You know that I’m big on social listening, and have been from the start. We have this incredible, unprecedented resource for learning more about our clients, customers and connections, but we have to listen to make it work. So I’ve been very pleased to see that social listening is (finally) getting some play in the marketing and sales arena.
Social spend—you can’t escape the term in the marketing world, but what does it really mean? Most of the articles and statistics you see on social spend are narrow in focus—it’s all about ad buys. From that perspective, social spend sets a new all-time high every year. In 2015, the estimated social ad spend checked in at nearly $24 billion, largely thanks to mobile advertising. This year, it will surely be even higher.
Future of Retail as an Omni-Channel ‘Internet of Things’ | Jeff Ashcroft | LinkedIn
The future always comes faster than we think.
Even more so in the evolving world of fast retailing where websites are now merging with bricks and mortar stores to create what last April I dubbed The Endless Store.
How will retailers manage in stores without boundaries inhabited 24/7/365 by almost 8 Billion shoppers armed with mobile computing and payment devices?
Not easily, and certainly this new reality is as terrifying as it is awe inspiring to those with true merchant blood coursing through their veins.
Welcome to the world of Matrix Commerce aka Matrix Retail where retailers will have to monitor, manage, optimize and move more information and products faster than ever before.
The question is how will they be able do this quickly, accurately and effectively given the growing scale and complexity of evolving digital retail business?
When it comes to managing the reams of associated information and making the multitudes of rapid decisions needed to manage Matrix Commerce, new technology will be required to keep up. The human managers and masters of these retail supply chains, stores and online spaces will likely need to augment their capabilities through the use of cognitive technologies.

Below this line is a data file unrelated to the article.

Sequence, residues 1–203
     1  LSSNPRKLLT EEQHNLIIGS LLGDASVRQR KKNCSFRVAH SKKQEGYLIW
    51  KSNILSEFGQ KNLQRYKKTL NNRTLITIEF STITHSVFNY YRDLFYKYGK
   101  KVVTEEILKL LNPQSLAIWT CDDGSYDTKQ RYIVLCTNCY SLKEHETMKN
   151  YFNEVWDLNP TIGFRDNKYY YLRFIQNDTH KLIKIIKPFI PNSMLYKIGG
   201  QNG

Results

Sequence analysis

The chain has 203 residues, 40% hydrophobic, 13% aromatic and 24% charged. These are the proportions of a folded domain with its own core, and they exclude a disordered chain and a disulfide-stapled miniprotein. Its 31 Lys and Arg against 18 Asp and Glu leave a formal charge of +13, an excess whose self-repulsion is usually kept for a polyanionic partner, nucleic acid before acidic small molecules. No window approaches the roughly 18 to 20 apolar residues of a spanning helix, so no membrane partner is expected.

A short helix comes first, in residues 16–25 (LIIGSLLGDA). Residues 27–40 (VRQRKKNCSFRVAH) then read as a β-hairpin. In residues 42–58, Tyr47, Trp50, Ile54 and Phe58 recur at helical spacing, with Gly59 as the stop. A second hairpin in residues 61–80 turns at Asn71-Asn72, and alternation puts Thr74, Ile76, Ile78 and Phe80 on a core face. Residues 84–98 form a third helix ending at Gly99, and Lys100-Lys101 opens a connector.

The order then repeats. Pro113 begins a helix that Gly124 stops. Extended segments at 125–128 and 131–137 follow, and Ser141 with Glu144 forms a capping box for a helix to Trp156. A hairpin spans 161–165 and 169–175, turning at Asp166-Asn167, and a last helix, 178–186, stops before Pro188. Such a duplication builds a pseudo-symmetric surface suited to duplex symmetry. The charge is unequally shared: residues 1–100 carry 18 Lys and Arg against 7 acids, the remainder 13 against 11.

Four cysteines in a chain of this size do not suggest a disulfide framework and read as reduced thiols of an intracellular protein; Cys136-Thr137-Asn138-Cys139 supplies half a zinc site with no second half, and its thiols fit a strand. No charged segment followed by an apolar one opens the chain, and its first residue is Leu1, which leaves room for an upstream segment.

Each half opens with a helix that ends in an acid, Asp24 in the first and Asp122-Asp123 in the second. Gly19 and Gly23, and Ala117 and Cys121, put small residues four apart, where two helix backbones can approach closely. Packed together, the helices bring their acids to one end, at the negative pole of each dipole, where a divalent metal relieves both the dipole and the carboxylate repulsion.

When it comes to products, many years and billions of barcodes have been printed to try and keep track of retail store inventories. And frankly other than improving checkout accuracy and speed this now somewhat antiquated technology still relies on people to maintain inventory accuracy at stores which just doesn’t work.
And even where the rare store can make it work, this method is not fast enough to keep up with the instantaneous requirement to power omni-channel retail.
The time for people to try and keep track of products in stores has passed, it’s over and never really worked, it’s now time for the products to keep track of themselves.
All products now need smart labels and smart tags to keep track of them at the item, pack, case and pallet level from manufacturing through distribution, to stores and then the ultimate delivery to, and returns by consumers. I would use the term RFID to describe these tags, but for some reason for several years RFID has been treated as the bastard child of the retail business, but hopefully not for much longer.
The tide is starting to shift towards the use of smart labels and smart tags as this example from lululemon‘s results quoted from RFID Journal demonstrates.
Global athletic apparel company lululemon reports that it has boosted its in-store revenue by deploying a radio frequency identification system at all of its stores to track its products’ movements as they arrive at stores, are placed on display on the sales floor and are sold. The system has increased the company’s inventory accuracy to 98 percent, says Jonathan Aitken, lululemon’s RFID program director, which is one reason that the company’s revenue is up, since its stores know what goods are available in the back room to be restocked on the sales floor and purchased. The company’s ability to access RFID-based inventory data and choose to sell goods online or in store accounted for 8 percent of e-commerce revenue for the quarter, said Stuart Haselden, lululemon’s CFO, during the firm’s third-quarter investor call in December 2015
Not only can this technology be utilized for inventory control and tracking purposes, it also can enhance the sales process and sharing of product information in store to assist in purchasing decisions.
Online and bricks & mortar retailers who continue to operate in status quo mode will not be able to keep up with the customer experience demands of the mobile connected consumer.
The world of retail is now omni-channel and shoppers live in a fast moving connected world where Endless Store shopping environments will be the norm.
Products will soon utilize smart labels and tags to keep track of themselves, communicating with both systems and consumers to manifest the emerging future of retail as an omni-channel internet of things.